Bill S7315-2013

Provides for the immunization of all children born after January 1, 1996 against the human papillomavirus (HPV)

Provides for the immunization of all children born after January 1, 1996 with the human papillomavirus (HPV).

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  • May 12, 2014: REFERRED TO HEALTH

Memo

BILL NUMBER:S7315

TITLE OF BILL: An act to amend the public health law, in relation to requiring immunization against human papillomavirus (HPV)

PURPOSE OR GENERAL IDEA OF BILL:

To ensure that immunization against HPV be administered to children in New York State in the same manner and according to the same time schedule that other immunizations are currently administered

SUMMARY OF SPECIFIC PROVISIONS:

Section one amends the section heading and subdivisions 2, 3, 5, and 6 of section 2164 of the public health law, as amended by chapter 169 of the laws of 2006, subdivision 2 as separately amended by chapter 506 of the laws of 2006, by adding human papillomavirus (HPV) to the list of required immunizing agents, such as those against poliomyelitis, mumps and measles, to be administered to children in this state. Section one also adds the HPV vaccine to the list of vaccines for which: a booster is required; a person in parental relationship to a child shall request a vaccine if not previously administered; a health practitioner who administers such immunizing agents shall give a certificate of immunization to the person in parental relation to a child who has been vaccinated; a person in parental relation shall be notified by a principal, teacher, owner or person in charge of the school that the school has not received a certificate of immunization or other acceptable evidence of the child's immunization. A form shall be provided by the school to a person in parental relationship to a child not yet vaccinated which allows such person to either state a valid reason for withholding consent to immunize such child or to give permission to the school to immunize the child. The law currently permits a religious exemption to mandated immunizations.

Section two amends paragraph (a) of subdivision 7 of section 2164 of the public health law, as amended by chapter 189 of the laws of 2006, by adding HPV to the list of immunizations for which a certificate of immunization is required by a school in order to allow a child to attend such school in excess of fourteen days. If a student is transferring from out-of-state or from another country and can show a good faith effort to get the certificate or other evidence of immunization, the time period may be extended to thirty days.

Section three amends the opening paragraph of subdivision 8-a of section 2164 of the public health law, as amended by chapter 189 of the laws of 2006, by adding HPV to the list of required immunizing agents for which a certificate of immunization is required in relation to preventing a child from attending school.

Section four amends paragraph (a) of subdivision 1 of section 613 of the public health law, as amended by chapter 36 of the laws of 2010, by adding HPV to the list of communicable diseases against which the commissioner of health shall develop and supervise the execution of a program of immunization, surveillance and testing in order to raise to the highest reasonable level the immunity of children in the state.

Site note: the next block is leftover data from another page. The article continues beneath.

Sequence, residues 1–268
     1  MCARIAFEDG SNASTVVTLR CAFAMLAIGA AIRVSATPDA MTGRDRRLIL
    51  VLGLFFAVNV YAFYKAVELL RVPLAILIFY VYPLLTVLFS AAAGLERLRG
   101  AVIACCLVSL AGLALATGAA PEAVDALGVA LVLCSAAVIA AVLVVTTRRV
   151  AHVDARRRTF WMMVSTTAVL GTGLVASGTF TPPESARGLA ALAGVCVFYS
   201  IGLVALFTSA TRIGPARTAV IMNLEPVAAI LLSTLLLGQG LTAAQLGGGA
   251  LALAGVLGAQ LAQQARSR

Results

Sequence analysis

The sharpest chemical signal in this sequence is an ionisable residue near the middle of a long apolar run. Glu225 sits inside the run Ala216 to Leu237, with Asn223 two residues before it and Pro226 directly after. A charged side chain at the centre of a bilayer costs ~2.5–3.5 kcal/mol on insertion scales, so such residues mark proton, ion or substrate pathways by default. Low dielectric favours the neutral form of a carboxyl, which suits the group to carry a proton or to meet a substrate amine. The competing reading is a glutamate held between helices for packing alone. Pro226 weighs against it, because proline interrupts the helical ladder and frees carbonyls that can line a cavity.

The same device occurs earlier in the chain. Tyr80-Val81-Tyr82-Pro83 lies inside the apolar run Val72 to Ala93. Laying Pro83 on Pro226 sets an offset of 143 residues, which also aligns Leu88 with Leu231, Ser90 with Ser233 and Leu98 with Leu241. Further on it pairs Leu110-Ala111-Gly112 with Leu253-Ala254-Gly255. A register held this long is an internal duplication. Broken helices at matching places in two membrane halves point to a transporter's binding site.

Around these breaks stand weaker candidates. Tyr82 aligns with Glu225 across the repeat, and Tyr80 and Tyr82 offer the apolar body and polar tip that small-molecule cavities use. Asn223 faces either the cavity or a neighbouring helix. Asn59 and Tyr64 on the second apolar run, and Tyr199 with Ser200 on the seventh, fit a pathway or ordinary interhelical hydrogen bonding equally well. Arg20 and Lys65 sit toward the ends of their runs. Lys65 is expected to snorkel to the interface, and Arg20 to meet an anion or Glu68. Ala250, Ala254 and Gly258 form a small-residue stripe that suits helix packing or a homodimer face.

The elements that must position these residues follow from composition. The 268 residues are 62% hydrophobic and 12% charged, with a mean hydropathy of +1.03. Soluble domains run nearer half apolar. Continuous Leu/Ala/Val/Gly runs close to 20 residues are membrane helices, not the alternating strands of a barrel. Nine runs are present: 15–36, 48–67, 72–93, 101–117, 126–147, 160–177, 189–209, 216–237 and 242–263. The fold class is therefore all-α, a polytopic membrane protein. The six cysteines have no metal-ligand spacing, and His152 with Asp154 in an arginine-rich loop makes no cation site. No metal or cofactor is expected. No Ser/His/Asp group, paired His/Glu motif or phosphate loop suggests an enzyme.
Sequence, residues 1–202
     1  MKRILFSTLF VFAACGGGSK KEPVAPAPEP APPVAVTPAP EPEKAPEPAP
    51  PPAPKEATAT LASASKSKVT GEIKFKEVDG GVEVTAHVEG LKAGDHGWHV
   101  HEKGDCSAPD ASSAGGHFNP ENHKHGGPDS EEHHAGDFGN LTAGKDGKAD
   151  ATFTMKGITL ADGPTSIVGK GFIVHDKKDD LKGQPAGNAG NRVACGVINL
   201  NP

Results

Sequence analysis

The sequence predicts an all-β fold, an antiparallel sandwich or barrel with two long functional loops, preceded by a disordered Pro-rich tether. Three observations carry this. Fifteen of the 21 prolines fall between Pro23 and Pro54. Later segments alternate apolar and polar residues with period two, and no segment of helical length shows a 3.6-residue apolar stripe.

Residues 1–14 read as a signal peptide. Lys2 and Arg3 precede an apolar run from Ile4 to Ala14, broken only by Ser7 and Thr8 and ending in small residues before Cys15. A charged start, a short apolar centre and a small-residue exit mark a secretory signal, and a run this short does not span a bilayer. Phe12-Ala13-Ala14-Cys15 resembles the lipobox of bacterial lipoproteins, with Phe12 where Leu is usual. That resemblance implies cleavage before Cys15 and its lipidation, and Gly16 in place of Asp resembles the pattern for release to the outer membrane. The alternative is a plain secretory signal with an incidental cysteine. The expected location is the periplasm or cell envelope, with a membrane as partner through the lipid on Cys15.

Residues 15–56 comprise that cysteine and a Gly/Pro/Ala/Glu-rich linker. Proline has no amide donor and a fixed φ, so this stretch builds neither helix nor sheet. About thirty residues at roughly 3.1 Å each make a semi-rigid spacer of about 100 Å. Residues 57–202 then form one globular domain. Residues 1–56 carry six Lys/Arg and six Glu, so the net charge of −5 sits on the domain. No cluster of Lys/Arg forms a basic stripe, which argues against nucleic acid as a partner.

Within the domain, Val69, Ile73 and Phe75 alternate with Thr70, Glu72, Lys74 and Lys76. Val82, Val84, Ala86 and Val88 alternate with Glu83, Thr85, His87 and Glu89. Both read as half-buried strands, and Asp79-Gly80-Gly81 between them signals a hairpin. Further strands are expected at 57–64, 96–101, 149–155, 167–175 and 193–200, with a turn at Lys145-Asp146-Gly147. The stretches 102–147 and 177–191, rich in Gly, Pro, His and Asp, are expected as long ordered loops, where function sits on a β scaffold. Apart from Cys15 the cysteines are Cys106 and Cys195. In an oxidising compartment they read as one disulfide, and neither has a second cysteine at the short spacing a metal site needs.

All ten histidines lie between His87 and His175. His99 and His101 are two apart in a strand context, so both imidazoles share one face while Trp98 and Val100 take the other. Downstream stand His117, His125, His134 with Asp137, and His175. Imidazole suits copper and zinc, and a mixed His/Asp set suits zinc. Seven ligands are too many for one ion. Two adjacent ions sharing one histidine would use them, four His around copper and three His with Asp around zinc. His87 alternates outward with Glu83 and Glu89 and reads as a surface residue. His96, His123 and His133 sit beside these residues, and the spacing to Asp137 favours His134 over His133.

Section five provides the effective date.

JUSTIFICATION:

Cervical cancer is the second-leading cancer among women worldwide, affecting an estimated 470,000 worldwide resulting in 233,000 deaths annually. In the United States, the American Cancer Society (ACS) estimates that approximately 11,150 cases of cervical cancer will be diagnosed this year and approximately 3,670 women will die from cervical cancer. The American College of Obstetricians and Gynecologists estimates that in New York approximately 1,000 women are newly diagnosed with invasive cervical cancer and approximately 300 women die from the disease.

According to ACS, 99.7% of all cervical cancer cases are linked to human papillomavirus (HPV). The types of HPV that cause cervical cancer are sexually transmitted. ACS estimates that at least 80% of sexually active women in the United States will have HPV by age 50, with most cases acquired soon after individuals have Sex for the first time. Guttmacher Policy Review, Fall 2006. While the majority of cases resolve on their own, for women whose body defenses are not sufficient to clear the virus, cervical cancer can develop later in life (it can take up to 20 years for an HPV infection to cause cervical cancer).

A vaccine against the types of linked to most cases of cervical cancer, Gardasil, was approved last year by the United States Food and Drug Administration. The Centers of Disease Control and Prevention (CDC) and its Advisory Committee on Immunization Practices (ACIP) recommended the routine vaccination of girls 11-12 years of age, but noted that the vaccine can be given to girls as young as 9 up to age 26. When CDC has recommended the vaccination of school-age children, New York adds such recommended vaccination to the list of vaccinations required for school entry.

Gardasil is shown to protect against two types of HPV that cause about 70% of cervical cancers and two other types of HPV that cause 90% of genital warts. The vaccine is given as a series of three shots over a period of six months. Another vaccine against HPV, Cervarix, was approved by the FDA in 2009.